January 19, 2014 |
An off-and-on customer of OfficeMax, Mike Seay has gotten the office supply company's junk mail for years. But the mail that the grieving Lindenhurst, Ill., father said he got from OfficeMax last week was different. It was addressed to "Mike Seay, Daughter Killed in Car Crash. " Strange as that sounds, the mail reached the right guy. Seay's daughter Ashley, 17, was killed in a car crash with her boyfriend last year. OfficeMax somehow knew. And in a world where bits of personal data are mined from customers and silently sold off and shuffled among corporations, Seay appears to be the victim of some marketing gone horribly wrong.
September 11, 2013 |
Tammie, like many people, receives catalogs she doesn't want. Lots of them. She wants to know: How did these guys find her? And what can she do to get rid of them? Finding people is the easy part. Marketers routinely buy and sell mailing lists. There are also list brokers who make a living selling consumers' contact info, sliced and diced into every possible demographic and personal interest. ASK LAZ: Smart answers to consumer questions Getting rid of an unwanted marketer can be a chore.
February 8, 2013 |
Here's my response to the U.S. Postal Service canceling Saturday mail service: What a relief. Hey, I love the idea of getting wonderful things in the mail: big fat checks or torrid declarations of love (from someone I want to hear from). But the letter carrier doesn't deliver those things anymore, for the most part. Money you've earned gets deposited directly into your bank account. Lovers text and call. The last exciting piece of mail I got was my W-2 form. That means I can start the process of getting my income tax refund -- which won't come by mail but will be, yes, electronically deposited.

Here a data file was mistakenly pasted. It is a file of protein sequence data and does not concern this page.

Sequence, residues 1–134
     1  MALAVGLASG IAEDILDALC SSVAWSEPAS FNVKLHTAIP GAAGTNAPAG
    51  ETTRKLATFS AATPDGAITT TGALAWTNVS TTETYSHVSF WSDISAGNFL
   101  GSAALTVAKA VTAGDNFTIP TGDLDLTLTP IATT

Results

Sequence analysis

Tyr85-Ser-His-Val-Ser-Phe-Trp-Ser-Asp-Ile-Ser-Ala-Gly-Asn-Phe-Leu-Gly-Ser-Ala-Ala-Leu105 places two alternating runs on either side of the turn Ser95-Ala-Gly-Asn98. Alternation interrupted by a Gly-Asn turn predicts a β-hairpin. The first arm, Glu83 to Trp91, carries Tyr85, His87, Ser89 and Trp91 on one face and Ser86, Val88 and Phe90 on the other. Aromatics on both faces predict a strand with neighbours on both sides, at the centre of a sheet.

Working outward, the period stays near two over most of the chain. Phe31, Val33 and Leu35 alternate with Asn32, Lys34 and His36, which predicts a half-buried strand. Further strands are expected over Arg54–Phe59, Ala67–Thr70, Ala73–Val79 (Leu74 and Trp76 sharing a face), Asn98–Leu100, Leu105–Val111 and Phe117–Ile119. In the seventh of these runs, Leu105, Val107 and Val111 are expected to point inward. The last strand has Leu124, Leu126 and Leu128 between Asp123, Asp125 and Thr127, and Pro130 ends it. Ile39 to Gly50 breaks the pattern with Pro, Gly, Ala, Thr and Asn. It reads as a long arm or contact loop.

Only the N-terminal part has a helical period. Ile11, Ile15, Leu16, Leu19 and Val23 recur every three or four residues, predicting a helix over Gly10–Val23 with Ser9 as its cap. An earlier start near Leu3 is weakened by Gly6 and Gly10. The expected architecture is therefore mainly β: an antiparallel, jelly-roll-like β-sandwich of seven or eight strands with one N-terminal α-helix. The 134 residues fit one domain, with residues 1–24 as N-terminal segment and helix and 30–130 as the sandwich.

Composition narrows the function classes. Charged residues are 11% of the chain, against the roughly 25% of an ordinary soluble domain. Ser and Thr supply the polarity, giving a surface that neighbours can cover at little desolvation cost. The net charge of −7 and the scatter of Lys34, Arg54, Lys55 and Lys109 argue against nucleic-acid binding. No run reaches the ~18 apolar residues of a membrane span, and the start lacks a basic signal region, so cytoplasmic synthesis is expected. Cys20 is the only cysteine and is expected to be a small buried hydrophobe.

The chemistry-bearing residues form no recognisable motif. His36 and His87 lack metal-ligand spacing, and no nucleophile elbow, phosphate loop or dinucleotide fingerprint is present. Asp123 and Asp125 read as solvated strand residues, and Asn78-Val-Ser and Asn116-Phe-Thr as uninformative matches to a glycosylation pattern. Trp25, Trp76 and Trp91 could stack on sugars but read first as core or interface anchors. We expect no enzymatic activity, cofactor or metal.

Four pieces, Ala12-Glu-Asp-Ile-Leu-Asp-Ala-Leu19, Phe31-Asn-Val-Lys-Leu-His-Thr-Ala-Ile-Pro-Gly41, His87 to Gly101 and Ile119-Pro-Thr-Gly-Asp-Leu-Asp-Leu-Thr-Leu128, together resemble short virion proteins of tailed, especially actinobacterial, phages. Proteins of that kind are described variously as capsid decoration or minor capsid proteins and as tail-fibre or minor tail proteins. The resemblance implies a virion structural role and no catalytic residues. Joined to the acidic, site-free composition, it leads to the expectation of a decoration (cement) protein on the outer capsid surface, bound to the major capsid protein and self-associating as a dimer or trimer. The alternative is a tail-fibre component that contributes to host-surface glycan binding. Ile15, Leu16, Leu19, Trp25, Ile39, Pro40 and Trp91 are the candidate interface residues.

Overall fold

February 6, 2013 |
So the Postal Service is pulling the plug on Saturday mail delivery . And all across America, millions of folks are saying: “Who cares? I've got email and Twitter and Facebook; I pay my bills online.” Sorry, guys, count me out. My reaction is -- well, let a great 20th century American philosopher say it for me. Here's Janis Joplin's “ Piece Of My Heart ”: “Take another little piece of my heart now, baby! Oh, oh, break it! Break another little bit of my heart now, darling, yeah, yeah, yeah.” I can't help it. I love mail.
November 29, 2012
Re "Fixing the filibuster," Editorial, Nov. 25 Indeed, we should rein in this obnoxious abuse. As you write, "Senators who want to mount a filibuster should have just one chance of doing so" - preferably only once in six years, in my opinion. As Thomas Mann and Norman Ornstein make clear in their book, "It's Even Worse Than It Looks," today's senators use the filibuster infinitely more often than their predecessors did. Worse yet, they have added the shameful custom of the "hold," by which a single senator can secretly stop any legislation or nomination from being debated or coming to a vote.
November 29, 2012
Re "Lender uses fear as a sales pitch," Column, Nov. 27 I sometimes receive the letters attempting to trick homeowners into expensive refinancing that David Lazarus warns about, and there's a sure-fire way to tell if they are legitimate without even opening the envelope: If the indicia (the box printed in the upper right corner) says "standard mail," immediately throw it into your recycle bin. "Standard mail" is the Postal Service's name for junk mail. Any legitimate company would send mail about potential problems with your mortgage as first-class mail, not at lower-rate bulk prices.